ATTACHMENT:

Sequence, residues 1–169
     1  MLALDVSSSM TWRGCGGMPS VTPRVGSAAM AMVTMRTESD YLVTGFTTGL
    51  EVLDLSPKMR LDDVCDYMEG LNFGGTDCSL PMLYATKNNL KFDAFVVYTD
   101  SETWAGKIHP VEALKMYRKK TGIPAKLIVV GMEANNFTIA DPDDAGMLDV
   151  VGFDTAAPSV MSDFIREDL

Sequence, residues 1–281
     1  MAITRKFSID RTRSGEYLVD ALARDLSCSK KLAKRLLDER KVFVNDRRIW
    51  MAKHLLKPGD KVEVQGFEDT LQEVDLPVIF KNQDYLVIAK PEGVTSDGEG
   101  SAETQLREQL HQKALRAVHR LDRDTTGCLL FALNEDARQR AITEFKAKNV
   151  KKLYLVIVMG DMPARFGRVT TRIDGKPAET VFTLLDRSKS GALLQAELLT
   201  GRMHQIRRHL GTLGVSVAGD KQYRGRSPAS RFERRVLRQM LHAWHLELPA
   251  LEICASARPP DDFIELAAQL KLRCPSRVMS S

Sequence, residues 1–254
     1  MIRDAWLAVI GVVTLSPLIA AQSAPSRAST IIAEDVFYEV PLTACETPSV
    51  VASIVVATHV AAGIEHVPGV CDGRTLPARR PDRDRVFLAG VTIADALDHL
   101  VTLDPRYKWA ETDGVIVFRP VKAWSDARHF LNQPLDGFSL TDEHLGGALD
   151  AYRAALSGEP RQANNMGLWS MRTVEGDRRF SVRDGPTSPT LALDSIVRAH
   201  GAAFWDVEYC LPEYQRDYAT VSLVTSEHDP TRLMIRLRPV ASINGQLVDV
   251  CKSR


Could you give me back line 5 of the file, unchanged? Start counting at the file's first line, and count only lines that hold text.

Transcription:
   151  VGFDTAAPSV MSDFIREDL